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Wrike Review 2019

April 26, 2019

10:02 am

Wrike Logo
  • Established: 2005
  • HQ: San Jose, CA, USA
  • Good for enterprises and small businesses
  • Limited third-party integrations
  • Good for development teams using GitHub, Bitbucket, or GitLab

A cloud-based project management software with features like built-in native time tracking and document history tracking.

Wrike does not mess around. This project management software solution won’t surprise you with features, or offer an original interface that balances simplicity with functionality. This is the tool to use for people who want project management software that is built for the web, but doesn’t offer some fresh new take on how projects should be managed. That might sound like an insult, but it’s really not – project management paradigms are pretty well understood, and this tool doesn’t try to reinvent the wheel with new features.

Instead, it offers most of the fundamental features we’ve seen in other project management tools, plus a few extras that are particularly helpful, like built-in document version tracking. It doesn’t have a live chat functionality, but to be fair, this isn’t available in most project management tools, either. Still, live chat is a helpful feature that we feel is missing in Wrike, though you can still integrate with third parties like Slack.

  • Document versioning feature (requires desktop plugin)
  • Free tier for up to 5 users
  • Built-in time tracking for upper pricing tiers

What is Wrike?

Wrike is a fairly conservative project management platform. It’s not so conservative that it follows the spreadsheet model, like Microsoft Project or Smartsheet – although it does have a table view. But neither is Wrike a totally different take on how project management should be done, like Basecamp. Instead, Wrike switches between a single- and double-panel layout interface, depending on where you are within Wrike’s hierarchy.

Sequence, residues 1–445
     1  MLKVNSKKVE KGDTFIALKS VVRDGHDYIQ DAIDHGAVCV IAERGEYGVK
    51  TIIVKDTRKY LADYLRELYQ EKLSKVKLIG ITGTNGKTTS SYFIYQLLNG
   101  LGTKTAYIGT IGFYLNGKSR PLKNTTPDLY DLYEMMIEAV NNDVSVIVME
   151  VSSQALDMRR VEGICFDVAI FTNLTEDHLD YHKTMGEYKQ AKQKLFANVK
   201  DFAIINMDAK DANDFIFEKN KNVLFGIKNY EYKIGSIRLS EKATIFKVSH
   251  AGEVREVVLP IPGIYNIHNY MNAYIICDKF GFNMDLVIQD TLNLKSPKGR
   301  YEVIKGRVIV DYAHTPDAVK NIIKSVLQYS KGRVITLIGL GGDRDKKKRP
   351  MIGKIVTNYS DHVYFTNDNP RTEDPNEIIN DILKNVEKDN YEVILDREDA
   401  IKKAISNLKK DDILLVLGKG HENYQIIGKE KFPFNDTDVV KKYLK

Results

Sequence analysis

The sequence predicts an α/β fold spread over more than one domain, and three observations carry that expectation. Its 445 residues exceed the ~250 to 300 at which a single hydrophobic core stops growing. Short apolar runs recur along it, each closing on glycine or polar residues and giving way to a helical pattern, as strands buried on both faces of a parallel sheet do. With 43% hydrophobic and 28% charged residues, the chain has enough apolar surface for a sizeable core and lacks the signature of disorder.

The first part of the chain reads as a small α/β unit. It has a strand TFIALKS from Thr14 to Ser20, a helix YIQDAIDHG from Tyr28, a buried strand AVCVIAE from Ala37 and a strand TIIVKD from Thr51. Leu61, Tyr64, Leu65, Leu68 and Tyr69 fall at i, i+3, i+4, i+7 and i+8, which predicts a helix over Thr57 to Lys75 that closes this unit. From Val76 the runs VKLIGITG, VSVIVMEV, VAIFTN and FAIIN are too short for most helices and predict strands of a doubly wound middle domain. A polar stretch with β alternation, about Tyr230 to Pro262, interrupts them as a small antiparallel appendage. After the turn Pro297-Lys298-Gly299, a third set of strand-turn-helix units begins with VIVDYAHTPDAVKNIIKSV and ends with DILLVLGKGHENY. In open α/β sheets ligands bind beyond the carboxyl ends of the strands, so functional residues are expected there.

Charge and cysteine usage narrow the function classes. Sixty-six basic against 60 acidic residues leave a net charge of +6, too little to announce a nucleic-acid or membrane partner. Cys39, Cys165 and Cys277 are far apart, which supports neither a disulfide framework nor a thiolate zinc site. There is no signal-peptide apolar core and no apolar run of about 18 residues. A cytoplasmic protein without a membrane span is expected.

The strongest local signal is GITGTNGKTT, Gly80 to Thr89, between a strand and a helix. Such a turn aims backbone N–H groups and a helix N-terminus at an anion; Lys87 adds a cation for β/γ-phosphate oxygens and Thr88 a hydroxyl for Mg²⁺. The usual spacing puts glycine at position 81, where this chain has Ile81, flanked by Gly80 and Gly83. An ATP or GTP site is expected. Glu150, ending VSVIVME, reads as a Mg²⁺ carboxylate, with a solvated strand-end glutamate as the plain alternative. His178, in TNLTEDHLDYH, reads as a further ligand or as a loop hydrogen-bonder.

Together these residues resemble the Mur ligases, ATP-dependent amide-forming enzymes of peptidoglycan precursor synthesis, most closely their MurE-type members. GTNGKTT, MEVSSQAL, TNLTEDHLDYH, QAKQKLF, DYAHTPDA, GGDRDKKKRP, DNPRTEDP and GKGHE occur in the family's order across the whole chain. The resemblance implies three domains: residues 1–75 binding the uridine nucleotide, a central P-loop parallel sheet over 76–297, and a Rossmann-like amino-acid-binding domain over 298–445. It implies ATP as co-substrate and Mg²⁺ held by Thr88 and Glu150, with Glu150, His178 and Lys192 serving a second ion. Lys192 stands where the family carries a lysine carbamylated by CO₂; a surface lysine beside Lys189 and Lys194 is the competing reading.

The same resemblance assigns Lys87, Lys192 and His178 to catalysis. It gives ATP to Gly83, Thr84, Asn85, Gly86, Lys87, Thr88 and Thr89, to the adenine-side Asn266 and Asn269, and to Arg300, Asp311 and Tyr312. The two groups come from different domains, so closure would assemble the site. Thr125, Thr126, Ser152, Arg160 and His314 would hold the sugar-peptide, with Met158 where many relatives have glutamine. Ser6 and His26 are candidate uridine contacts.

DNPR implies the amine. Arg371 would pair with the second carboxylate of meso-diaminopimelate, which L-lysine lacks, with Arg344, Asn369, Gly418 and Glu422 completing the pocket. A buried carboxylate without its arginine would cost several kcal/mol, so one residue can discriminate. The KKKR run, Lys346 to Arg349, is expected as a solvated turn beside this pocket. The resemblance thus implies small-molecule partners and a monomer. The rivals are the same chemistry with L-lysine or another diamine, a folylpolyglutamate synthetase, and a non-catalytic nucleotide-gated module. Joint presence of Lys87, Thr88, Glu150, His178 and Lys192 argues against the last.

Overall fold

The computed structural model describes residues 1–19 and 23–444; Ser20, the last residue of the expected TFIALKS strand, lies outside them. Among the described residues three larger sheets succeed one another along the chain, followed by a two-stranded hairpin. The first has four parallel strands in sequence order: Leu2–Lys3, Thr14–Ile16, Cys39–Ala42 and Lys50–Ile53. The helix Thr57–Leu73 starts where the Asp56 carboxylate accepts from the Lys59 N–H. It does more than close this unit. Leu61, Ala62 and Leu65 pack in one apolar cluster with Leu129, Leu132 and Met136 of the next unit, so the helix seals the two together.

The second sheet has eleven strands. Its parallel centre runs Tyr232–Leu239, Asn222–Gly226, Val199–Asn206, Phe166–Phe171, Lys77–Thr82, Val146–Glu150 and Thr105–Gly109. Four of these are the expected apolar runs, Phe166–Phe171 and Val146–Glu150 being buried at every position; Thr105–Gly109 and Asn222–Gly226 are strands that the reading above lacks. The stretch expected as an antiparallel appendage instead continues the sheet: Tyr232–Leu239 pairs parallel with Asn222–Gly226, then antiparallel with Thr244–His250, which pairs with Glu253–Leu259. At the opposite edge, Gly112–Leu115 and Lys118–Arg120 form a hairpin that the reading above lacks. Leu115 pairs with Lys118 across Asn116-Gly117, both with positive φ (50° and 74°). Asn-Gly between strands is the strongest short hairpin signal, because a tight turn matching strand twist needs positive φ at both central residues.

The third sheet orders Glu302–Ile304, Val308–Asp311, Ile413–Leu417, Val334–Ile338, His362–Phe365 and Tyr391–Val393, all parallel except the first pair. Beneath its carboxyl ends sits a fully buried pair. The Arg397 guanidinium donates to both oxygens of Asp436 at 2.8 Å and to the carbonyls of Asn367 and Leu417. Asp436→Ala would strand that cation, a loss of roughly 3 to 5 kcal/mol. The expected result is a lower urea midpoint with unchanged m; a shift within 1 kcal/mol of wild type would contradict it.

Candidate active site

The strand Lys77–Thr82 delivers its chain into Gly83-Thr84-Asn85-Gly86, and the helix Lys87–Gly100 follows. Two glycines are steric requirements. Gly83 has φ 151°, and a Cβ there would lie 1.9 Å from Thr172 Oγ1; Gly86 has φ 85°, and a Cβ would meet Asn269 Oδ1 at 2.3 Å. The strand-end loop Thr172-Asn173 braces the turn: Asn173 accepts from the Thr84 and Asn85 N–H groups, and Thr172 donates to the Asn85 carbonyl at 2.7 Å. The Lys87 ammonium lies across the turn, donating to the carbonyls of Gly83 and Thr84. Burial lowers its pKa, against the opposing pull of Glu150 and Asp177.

That hierarchy starts with teams, then goes down to folders (personal, shared, etc). Next come projects, then project phases  – if you’re using them – which are also represented as folders. Next come task lists, then finally tasks. This hierarchy should make it fairly easy for anyone familiar with project management to be able to jump right in, even with minimal onboarding.

Wrike also focuses on marketing teams in a way other platforms do not, offering a “Wrike for Marketers” product that is specifically tuned to that industry. It integrates with Adobe Creative Cloud, for instance, making it easier for teams to share and review any new marketing assets in development. Wrike also offers a free tier for up to five users, and a comprehensive enterprise product with the services and administrative privileges that big organizations need.

In This Guide:

Wrike Features

Wrike offers the same features as many other cloud-based project management tools. There are tasks and subtasks, dependencies created via Gantt charts, milestones, and @mentions for communicating with other team members on task. It doesn’t have a timeline view if that’s an important feature for you, but the Gantt chart may suffice. Meanwhile live chat options are limited to Slack and Google Hangouts, with no built-in option or plug-ins for alternatives like HipChat. However, Wrike works with Zapier to cover any integration solutions it doesn’t offer

Customizable Calendars

Nearly every project management software option has a calendar view, but most of the time, it automatically shows everything going on with your projects. Wrike allows users to create their own calendars. If you only want to see “Project A” laid out in a calendar, or even just one phase of Project A, you can do just that. You can also filter a calendar based on task attributes such as its status (active, on hold, etc.), assignee, due date, and so on.

Document Versioning